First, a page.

It’s an important line for social justice minded Christians who believe faith has to do with how we live in this world, especially toward vulnerable people.  Yet the scene of a gentle and sacrificial savior turned eternal judge also has its own problems.  They are problems that the story itself begins to raise, as the sheep and the goats both talk back to the king, questioning why such an arrangement has been made.

I invite you to listen...

https://joelssermons.files.wordpress.com/2017/11/20171112sermon.mp3

Texts: Proverbs 9:1-6; Matthew 11:28-30

There is a house with a table, set for company.  On this table is a feast: Wine and bread and meat.  Everything that makes for a good meal.

The doors of this house open wide, always unlocked, ready to receive whoever walks in.

It’s not a secret.  It’s not a hidden place, tucked in some out-of-the way grove.  There are no fences or gates, no passcodes.

The owner of this house is Wisdom.  She built it.  She set up the posts, leveled the beams, designed the way this room flows into that one.

Wisdom has built her house and gives an open invitation.  She walks through the city, calling out.  She cruises the countryside, searching for takers.  She opens her contacts and selects “Send All.”  Wisdom has issued an invitation:  Come to me, feast, rest, learn.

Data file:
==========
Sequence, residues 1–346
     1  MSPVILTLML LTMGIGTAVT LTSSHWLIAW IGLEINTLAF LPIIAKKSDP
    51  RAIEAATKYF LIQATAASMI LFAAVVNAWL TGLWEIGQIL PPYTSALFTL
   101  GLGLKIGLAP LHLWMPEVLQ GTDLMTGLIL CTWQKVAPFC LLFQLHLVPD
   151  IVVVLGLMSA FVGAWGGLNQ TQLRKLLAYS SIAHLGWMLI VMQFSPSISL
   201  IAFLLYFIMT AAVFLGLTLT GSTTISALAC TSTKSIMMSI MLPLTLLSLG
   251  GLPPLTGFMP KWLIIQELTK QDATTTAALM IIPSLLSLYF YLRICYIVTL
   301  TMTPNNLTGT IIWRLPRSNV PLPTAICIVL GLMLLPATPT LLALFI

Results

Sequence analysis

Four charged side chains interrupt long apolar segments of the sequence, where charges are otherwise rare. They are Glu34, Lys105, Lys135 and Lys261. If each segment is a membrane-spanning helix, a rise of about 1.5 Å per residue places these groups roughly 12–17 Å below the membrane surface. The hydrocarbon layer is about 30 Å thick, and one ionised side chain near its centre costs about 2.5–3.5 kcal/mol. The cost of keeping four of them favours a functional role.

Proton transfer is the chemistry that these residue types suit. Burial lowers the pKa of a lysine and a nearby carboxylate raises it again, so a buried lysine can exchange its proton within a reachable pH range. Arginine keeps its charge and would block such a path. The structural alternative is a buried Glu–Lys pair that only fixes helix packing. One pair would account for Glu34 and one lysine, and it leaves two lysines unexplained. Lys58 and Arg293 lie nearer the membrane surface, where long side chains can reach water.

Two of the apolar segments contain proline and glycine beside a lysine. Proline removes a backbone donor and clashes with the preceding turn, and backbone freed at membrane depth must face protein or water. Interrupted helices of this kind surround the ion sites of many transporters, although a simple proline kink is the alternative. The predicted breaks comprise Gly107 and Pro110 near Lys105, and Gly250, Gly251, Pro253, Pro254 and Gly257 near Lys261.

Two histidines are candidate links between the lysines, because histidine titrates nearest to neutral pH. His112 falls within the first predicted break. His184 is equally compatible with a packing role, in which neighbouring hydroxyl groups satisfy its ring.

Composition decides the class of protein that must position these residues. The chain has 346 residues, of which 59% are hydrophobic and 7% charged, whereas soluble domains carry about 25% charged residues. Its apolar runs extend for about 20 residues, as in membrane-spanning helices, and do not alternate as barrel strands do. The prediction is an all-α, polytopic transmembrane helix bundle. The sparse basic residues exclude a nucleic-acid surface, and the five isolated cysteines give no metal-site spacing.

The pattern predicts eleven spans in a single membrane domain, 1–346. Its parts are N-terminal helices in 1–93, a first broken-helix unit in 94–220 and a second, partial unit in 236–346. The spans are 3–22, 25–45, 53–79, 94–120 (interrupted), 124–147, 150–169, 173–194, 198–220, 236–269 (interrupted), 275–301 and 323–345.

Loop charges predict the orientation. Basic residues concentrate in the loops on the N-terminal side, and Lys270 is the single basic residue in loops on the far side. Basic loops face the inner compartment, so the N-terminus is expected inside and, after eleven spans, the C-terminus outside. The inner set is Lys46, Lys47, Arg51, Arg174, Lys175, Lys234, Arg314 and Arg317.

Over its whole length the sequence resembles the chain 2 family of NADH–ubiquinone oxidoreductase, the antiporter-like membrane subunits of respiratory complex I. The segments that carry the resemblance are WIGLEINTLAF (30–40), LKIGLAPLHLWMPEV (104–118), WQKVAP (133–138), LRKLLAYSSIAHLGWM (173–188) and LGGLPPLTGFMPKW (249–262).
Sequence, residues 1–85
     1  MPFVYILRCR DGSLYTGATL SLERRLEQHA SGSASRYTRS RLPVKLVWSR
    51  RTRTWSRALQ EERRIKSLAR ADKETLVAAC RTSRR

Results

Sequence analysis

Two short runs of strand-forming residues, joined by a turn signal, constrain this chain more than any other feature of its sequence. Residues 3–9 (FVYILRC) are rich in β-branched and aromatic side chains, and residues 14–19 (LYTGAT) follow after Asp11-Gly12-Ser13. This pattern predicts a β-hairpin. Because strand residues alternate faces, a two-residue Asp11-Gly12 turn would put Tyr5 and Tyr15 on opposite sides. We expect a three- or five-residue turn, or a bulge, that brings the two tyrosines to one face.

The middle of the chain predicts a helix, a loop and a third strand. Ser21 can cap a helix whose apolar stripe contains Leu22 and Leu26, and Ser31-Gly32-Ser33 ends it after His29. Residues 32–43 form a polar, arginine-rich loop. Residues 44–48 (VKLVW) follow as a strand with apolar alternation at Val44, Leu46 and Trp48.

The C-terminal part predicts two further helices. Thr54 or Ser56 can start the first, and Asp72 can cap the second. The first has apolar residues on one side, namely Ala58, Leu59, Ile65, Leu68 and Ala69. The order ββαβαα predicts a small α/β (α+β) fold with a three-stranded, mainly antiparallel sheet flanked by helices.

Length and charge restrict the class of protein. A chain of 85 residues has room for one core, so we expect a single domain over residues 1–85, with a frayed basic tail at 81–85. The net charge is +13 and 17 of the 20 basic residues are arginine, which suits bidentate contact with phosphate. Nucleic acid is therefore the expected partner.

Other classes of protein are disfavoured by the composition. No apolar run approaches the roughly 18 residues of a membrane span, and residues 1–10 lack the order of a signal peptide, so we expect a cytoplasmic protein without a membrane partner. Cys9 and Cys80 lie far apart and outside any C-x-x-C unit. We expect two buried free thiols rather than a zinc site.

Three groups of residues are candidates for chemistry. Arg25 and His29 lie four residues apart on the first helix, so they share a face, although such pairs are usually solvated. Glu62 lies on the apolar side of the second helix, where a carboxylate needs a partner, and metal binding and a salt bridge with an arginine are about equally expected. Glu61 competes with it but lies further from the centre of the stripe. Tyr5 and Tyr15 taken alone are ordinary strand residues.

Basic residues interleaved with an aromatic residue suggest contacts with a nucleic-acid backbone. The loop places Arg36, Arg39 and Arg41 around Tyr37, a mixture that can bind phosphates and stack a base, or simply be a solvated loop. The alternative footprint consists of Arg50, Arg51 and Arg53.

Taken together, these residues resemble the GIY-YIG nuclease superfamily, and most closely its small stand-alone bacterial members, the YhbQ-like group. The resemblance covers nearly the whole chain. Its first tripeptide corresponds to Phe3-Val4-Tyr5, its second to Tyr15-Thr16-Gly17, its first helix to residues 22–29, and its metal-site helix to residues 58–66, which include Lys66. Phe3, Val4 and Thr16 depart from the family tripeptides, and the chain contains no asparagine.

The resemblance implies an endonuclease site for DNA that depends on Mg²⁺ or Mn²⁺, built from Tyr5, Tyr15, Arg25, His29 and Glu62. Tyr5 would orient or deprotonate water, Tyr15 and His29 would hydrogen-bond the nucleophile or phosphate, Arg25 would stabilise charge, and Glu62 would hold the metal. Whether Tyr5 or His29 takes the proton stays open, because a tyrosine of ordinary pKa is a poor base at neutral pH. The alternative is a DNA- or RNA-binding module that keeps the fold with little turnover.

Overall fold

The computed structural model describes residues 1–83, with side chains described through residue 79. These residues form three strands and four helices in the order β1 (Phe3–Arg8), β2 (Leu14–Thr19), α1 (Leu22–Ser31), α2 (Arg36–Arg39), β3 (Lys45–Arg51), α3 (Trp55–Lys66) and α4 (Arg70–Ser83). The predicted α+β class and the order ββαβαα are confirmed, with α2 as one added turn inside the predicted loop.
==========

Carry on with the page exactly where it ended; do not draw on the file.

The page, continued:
Even better, the house that Wisdom built will come to you.  Look for it, and there it is.  Occasionally it shows up when we’re not even looking.

A few weeks back I had one of those all too rare moments where I may have briefly stepped inside this house and glanced around.

Back in the spring when...

https://joelssermons.files.wordpress.com/2017/11/20171105sermon.mp3

Text: Genesis 21:8-21, Revelation 3:7-13    

 

The Hebrew Scriptures trace the story of the people of Israel from their beginnings, into and out of slavery in Egypt, into and out of their desert wanderings, into and out of nationhood and kingship, into and out of exile, and the diaspora that follows.  This is the story of peoplehood into which Jesus and his early followers were born.  It’s the one that non-Jews like us get adopted into.  The story begins with a couple, Abram and Sarai, who miraculously have a son in their old age.  The lineage of the people of Israel is traced through that son, Isaac, the child of promise.

But one of the endearing and enduring features Scripture is that it also includes stories that don’t fit so well into that main narrative.  Some of them are even shameful, or at least embarrassing to tell. The story in Genesis 21 about Hagar and Ishmael is one of those.

Ishmael was the oldest son of Abraham, born through his slave woman Hagar.  It was Sara’s idea to give Hagar to Abraham.  Sara was unable to have children, and so a child through Hagar would serve as...